Since 1975, “Saturday Night Live” has entertained American audiences with its political satire and comedy sketches, parodying everything from facets of pop culture to current events.
Over the years, “SNL” has served as a means of both entertaining its viewers and creating a time capsule of the political climate and evolving entertainment industry for future generations.
One of the fundamental aspects of the show has always been grounded in the right to free speech, as protected by the First Amendment of the U.S. Constitution. However, in October of this year, then-presidential candidate Donald Trump called to censor the show altogether—because apparently, free speech is only acceptable when it’s used against other people, rather than yourself.
The Nov. 19 episode of “SNL” featured Alec Baldwin as a flustered, incompetent President-elect Trump, googling “What is ISIS?” and seeking assurance from Vice President-elect Mike Pence (portrayed by Beck Bennett) that Pence would “do everything, right?” In response to this, Trump took to Twitter once again to declare that “SNL” is a “totally biased, one-sided show” and that there should be “equal time for us.”
Trump has had an extremely up-and-down relationship with the sketch comedy show over the last few months of his campaign, particularly after Baldwin took the reins of Trump’s “SNL” portrayal on Oct. 1. In the weeks leading up to the election, Trump even went as far as to declare—on Twitter, of course—that Baldwin’s satirical version of himself was a “hit job” and that it was “time to retire the boring and unfunny show.”
But if you rewind to a year ago, Trump was singing a much different tune. On Nov. 7, 2015, Trump hosted “SNL” for the second time—the first being back in 2004, following the premiere of “The Apprentice.” During his monologue at the top of the 2015 show, Trump stated that “part of the reason I’m here, is [because] I know how to take a joke,” and proceeded to stand by good-naturedly as Taran Killam and Darrell Hammond impersonated him.
Killam had only recently taken over the role in October 2015, but Hammond had worn the wind-swept blond wig off-and-on since 1999, and the role was actually originated by Phil Hartman back in 1988. During all of that time, Trump never actively protested his portrayal to the extent that he has as a presidential candidate, or currently, as President-elect.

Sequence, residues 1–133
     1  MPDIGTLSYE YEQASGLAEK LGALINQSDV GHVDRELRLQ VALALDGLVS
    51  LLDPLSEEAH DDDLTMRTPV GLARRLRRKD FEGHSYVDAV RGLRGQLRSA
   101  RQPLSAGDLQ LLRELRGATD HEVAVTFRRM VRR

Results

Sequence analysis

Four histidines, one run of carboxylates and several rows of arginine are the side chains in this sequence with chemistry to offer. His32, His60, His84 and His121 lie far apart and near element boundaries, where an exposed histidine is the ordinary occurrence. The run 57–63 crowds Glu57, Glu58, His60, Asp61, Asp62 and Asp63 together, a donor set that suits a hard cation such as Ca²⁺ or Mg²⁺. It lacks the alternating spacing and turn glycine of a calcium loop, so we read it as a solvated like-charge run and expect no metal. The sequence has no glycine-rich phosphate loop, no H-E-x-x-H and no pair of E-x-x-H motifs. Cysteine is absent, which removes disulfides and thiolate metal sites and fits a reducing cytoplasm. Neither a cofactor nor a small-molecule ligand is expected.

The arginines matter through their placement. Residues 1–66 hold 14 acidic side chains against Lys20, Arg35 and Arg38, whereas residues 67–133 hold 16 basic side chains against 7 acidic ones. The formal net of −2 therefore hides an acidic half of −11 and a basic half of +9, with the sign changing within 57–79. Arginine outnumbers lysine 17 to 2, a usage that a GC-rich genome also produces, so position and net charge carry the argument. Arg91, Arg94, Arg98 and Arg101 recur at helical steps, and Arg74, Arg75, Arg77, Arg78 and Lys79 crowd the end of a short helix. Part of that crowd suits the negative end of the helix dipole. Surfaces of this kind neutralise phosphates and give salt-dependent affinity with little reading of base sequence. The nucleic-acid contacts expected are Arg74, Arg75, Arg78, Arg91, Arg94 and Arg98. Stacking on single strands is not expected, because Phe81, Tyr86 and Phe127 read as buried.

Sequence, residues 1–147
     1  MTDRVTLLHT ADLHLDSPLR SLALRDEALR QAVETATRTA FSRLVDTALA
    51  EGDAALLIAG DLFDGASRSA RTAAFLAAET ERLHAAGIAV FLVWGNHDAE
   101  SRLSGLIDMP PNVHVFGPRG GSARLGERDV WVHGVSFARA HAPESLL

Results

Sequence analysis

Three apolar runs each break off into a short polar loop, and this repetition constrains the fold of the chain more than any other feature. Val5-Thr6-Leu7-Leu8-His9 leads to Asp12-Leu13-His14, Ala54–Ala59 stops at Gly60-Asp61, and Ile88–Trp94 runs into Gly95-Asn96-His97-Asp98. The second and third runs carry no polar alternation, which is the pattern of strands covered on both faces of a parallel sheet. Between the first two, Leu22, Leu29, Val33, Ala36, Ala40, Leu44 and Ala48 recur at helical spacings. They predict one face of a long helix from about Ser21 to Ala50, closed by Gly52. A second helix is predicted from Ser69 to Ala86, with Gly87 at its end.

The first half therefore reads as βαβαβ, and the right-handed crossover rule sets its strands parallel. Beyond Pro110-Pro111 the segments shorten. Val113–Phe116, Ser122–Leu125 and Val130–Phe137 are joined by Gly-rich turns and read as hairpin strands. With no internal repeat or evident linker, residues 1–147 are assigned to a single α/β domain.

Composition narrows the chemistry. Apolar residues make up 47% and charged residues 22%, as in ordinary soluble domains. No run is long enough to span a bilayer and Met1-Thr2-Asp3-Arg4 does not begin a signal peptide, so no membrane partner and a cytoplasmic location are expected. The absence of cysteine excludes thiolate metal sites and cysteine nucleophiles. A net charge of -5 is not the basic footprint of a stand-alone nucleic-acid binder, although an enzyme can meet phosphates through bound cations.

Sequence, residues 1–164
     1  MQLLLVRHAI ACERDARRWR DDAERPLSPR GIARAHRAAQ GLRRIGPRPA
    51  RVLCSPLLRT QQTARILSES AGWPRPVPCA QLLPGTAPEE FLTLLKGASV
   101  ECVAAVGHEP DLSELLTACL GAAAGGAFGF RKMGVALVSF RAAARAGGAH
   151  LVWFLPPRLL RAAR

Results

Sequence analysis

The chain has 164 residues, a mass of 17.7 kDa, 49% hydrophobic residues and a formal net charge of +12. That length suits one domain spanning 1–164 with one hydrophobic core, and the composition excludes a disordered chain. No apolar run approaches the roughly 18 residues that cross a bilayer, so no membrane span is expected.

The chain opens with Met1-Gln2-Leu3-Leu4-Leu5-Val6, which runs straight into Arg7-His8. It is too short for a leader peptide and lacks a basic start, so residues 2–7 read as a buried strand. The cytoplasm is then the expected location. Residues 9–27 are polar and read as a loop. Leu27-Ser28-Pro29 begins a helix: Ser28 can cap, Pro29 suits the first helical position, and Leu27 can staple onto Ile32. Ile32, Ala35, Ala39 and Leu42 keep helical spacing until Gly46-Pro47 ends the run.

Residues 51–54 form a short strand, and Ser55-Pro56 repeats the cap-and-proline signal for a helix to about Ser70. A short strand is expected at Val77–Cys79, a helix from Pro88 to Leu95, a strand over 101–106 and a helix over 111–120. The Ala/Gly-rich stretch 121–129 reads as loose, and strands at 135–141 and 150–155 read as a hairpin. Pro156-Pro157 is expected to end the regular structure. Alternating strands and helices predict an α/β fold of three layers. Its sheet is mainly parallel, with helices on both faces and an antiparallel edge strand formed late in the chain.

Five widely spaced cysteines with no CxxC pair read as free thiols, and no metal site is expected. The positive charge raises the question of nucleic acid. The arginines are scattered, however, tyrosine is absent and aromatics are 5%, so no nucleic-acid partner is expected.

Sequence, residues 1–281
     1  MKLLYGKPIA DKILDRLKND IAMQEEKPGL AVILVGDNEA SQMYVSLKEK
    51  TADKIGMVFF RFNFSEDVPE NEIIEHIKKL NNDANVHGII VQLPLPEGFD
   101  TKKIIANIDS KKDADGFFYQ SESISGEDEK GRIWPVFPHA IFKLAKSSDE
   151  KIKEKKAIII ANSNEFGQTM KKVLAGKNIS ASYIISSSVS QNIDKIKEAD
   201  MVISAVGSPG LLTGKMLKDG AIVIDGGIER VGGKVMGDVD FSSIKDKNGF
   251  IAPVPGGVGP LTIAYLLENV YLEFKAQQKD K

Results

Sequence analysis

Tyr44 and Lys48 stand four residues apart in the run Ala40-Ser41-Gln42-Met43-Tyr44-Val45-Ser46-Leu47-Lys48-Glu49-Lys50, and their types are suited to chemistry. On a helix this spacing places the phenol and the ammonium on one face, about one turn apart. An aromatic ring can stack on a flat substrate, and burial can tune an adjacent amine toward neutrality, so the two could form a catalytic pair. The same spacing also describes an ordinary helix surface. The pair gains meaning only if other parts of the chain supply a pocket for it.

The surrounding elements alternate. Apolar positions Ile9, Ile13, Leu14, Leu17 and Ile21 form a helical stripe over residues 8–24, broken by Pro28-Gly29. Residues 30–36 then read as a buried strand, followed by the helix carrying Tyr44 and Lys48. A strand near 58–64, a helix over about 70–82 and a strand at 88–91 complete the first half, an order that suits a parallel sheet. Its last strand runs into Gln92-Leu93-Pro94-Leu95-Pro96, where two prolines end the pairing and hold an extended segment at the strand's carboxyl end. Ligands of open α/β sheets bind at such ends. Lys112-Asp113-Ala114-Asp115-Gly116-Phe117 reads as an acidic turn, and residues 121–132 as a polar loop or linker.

In fact, after his time hosting in 2015, Trump called the show “amazing” and stated that he “had so much fun!” Now, he wants to have the show taken off the air for the same caliber of jokes that have been made at his expense over the years, and for what he sees as a lack of equality due to biased media that worked toward “rigging [the] election.”
For decades, “SNL” has both portrayed and invited a variety of politicians to the show. Invitees have included former President Gerald Ford during the 1976 election season, President George H.W. Bush in 1994 and current President Barack Obama while on the campaign trail as a state senator in 2007. Also, a total of 14 U.S. presidents have been impersonated on “SNL” throughout its 41-year run, along with nine presidential candidates, to include Secretary of State Hillary Clinton and Governor Mitt Romney.
With each appearance and impersonation comes its own array of jokes, poking fun at the politicians who are constantly displayed across American television screens, ultimately humanizing these people to the everyday viewer. These parodies are simply a part of the DNA of the show, and have contributed to its incredible, lasting success for the last four decades. In fact, Trump even praised the fact that the episode he hosted in 2015 was the highest-rated “SNL” had seen in years.
Yet once again, the sketch comedy show is under fire, with threats from Trump to be taken off the air completely. But to censor “Saturday Night Live” would ultimately lead to the censorship of other forms of media, directly contradicting the First Amendment in favor of pleasing one particular person.
For as long as there has been politics, there has been political satire. It seems as though one can’t function without the other—like checks and balances, satire is there to both bring the growing power structures of the political world back down to earth and make them more accessible to the common citizen.
No one human is ever inherently better than another, regardless of who is in power. At the end of the day, we’re all just small creatures on a rock floating through space, trying to figure out why we do what we do. The value of satirical shows like “Saturday Night Live” lies primarily in their right to freedom of speech, to express opinions and to bring inefficiencies to light through humor.
Now more than ever, we need “SNL” to make us laugh and help draw attention to the shortcomings of our world. Satire, ultimately, is intended to provide positive criticism aimed at our society, and deep down we all know that this country could definitely benefit from more of that.